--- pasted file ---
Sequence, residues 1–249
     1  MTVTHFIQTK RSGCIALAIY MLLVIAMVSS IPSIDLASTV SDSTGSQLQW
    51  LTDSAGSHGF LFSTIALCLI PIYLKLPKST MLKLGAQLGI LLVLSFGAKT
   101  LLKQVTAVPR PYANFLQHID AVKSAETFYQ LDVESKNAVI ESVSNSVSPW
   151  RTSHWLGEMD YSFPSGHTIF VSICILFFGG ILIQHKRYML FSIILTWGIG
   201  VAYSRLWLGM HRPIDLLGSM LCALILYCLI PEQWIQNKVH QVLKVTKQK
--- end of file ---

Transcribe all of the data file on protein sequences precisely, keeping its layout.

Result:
Sequence, residues 1–249
     1  MTVTHFIQTK RSGCIALAIY MLLVIAMVSS IPSIDLASTV SDSTGSQLQW
    51  LTDSAGSHGF LFSTIALCLI PIYLKLPKST MLKLGAQLGI LLVLSFGAKT
   101  LLKQVTAVPR PYANFLQHID AVKSAETFYQ LDVESKNAVI ESVSNSVSPW
   151  RTSHWLGEMD YSFPSGHTIF VSICILFFGG ILIQHKRYML FSIILTWGIG
   201  VAYSRLWLGM HRPIDLLGSM LCALILYCLI PEQWIQNKVH QVLKVTKQK